If you’ve been to any of the Johnstown Symphony Orchestra’s performances in the last few years, you’ve been treated to a unique blend of innovation and art. For nearly 90 years, this local treasure has survived the cycles of fashion and economy. Today, it not only persists, it thrives – with talent and creativity that makes the symphony as relevant as ever to multiple generations of listeners.
You can’t have a great city without great cultural institutions, and here in the Alleghenies, we have our fair share: the Johnstown Concert Ballet, Johnstown Symphony Orchestra, Laurel Arts, SAMA, Mountain Playhouse, BottleWorks, plus historical centers, state and national parks, and countless other outlets for cultivating and creating art.
Most often, funding for these nonprofit organizations fits together like a puzzle, piecing together proceeds from classes or performances, with appeals for support from the communities they serve. They’re also subsidized by grants, many of which are funded by individuals who understand the great value these arts organizations add to our lives.
“Designated Funds give us a vehicle for preserving and promoting some of the great institutions that build upon our region’s heritage and give us our distinct cultural identity,” says CFA president Mike Kane. “The individuals who partner with us to establish these funds see these organizations as the beating heart of our region, and understand how important they are to healthy communities.”
Designated Funds provide ongoing financial support to existing organizations, designed by someone who collaborates with CFA to empower those groups already doing tremendous good in our communities, and to help them do more. Last fiscal year alone, Designated Funds with CFA awarded a million dollars to nonprofits of all types and interests throughout Bedford, Cambria, Indiana and Somerset counties, having a major impact on the arts in our communities.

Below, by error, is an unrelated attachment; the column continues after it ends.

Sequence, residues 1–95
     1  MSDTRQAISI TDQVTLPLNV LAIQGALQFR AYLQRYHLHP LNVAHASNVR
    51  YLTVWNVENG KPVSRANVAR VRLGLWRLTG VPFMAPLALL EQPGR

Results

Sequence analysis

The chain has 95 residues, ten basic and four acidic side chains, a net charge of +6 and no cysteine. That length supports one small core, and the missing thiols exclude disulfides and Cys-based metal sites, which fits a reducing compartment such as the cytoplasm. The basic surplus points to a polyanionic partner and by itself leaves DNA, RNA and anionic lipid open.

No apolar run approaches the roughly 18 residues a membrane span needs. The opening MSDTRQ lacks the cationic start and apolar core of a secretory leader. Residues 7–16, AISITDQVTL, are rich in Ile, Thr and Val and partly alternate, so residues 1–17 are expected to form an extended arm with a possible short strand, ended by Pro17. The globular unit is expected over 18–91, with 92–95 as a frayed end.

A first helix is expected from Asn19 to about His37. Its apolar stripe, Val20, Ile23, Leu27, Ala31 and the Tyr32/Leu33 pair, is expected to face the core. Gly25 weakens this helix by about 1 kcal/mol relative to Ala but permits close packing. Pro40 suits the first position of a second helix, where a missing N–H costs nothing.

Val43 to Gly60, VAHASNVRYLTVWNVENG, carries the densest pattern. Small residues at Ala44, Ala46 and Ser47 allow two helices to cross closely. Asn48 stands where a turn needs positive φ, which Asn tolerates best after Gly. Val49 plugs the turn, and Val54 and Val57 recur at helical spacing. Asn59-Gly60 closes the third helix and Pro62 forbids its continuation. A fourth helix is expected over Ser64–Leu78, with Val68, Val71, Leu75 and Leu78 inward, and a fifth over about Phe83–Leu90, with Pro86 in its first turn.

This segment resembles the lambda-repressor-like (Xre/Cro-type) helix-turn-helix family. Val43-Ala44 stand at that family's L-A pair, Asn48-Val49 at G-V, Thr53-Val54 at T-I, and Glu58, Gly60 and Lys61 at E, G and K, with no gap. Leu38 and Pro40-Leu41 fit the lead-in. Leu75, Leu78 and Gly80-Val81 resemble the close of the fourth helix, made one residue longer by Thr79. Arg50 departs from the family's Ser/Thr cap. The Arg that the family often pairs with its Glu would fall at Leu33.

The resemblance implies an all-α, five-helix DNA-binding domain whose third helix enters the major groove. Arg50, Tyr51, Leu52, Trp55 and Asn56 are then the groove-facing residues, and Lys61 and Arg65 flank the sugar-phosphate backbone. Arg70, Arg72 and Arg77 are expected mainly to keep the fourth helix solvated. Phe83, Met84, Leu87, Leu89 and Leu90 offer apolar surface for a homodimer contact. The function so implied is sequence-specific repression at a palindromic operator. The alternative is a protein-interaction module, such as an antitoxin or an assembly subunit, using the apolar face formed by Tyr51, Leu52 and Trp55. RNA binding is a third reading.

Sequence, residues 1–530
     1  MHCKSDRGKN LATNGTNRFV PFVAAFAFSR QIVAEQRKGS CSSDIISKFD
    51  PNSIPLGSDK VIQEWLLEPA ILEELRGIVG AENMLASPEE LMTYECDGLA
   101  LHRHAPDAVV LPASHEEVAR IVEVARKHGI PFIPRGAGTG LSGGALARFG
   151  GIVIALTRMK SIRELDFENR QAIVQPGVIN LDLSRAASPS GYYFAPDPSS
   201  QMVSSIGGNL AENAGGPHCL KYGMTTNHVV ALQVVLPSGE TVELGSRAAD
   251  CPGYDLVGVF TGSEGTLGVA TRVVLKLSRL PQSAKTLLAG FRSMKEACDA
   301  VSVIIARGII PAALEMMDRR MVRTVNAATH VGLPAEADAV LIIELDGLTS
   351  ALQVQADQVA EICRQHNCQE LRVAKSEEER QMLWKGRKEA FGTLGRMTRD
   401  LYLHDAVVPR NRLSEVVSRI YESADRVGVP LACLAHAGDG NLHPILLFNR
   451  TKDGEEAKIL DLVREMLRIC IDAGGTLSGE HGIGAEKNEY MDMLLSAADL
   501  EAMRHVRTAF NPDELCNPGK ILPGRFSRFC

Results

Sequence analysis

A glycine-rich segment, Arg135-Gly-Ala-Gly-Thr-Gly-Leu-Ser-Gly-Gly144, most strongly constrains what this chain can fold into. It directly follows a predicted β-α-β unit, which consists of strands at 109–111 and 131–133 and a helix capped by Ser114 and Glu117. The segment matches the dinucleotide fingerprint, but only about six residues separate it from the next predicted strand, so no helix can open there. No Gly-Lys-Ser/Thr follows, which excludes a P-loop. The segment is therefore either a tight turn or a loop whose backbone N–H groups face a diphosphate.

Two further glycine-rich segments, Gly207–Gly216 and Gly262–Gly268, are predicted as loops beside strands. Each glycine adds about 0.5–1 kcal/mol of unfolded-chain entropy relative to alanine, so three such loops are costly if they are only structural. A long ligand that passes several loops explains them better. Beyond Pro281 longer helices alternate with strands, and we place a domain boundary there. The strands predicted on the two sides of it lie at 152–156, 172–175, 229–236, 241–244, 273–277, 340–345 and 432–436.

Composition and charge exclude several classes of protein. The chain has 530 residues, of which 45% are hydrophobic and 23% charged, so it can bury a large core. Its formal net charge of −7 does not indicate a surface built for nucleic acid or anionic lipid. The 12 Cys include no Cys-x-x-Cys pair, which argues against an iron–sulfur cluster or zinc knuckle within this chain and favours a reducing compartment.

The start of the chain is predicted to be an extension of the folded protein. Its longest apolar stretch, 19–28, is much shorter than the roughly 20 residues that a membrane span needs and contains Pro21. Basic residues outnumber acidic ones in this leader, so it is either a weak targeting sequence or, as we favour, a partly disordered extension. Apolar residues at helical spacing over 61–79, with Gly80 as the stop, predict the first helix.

This impact is felt when a child picks up a paintbrush for the first time and learns to communicate in a whole new way, or when a family connects through the shared experience of live theater. You feel it when you gain even a slightly better understanding of someone different because of a sculpture or a poetry reading. We all feel it when companies bring their business here because of the well-rounded lifestyle our communities offer, which includes culturally-enriched activities for a wide range of interests.
“The support we receive from individuals through their CFA funds is essential to the programming we provide,” explains JSO treasurer William Locher. “It takes a combination of ticket sales, fundraisers, private donations, and grants like those provided by designated and other funds to maintain a fresh, engaging symphony that serves our whole community.”
That combination is on full display in a few days, when the Johnstown Symphony Orchestra brings the Beatles to town in a Classical Mystery Tour. After the concert, benefactors will come together with friends and family to support the orchestra at a robust silent auction. The event will undoubtedly prove the power of art to unify and uplift us. With its staying power, the JSO once again meets a demand for experiences that feed our collective soul.
If you haven’t already, visit the JSO website to get your tickets to this rousing event! If you’re interested in establishing your own fund to support any of our region’s nonprofit institutions, reach out to CFA Development Director Paula Hencel: (814) 209-8663 / firstname.lastname@example.org.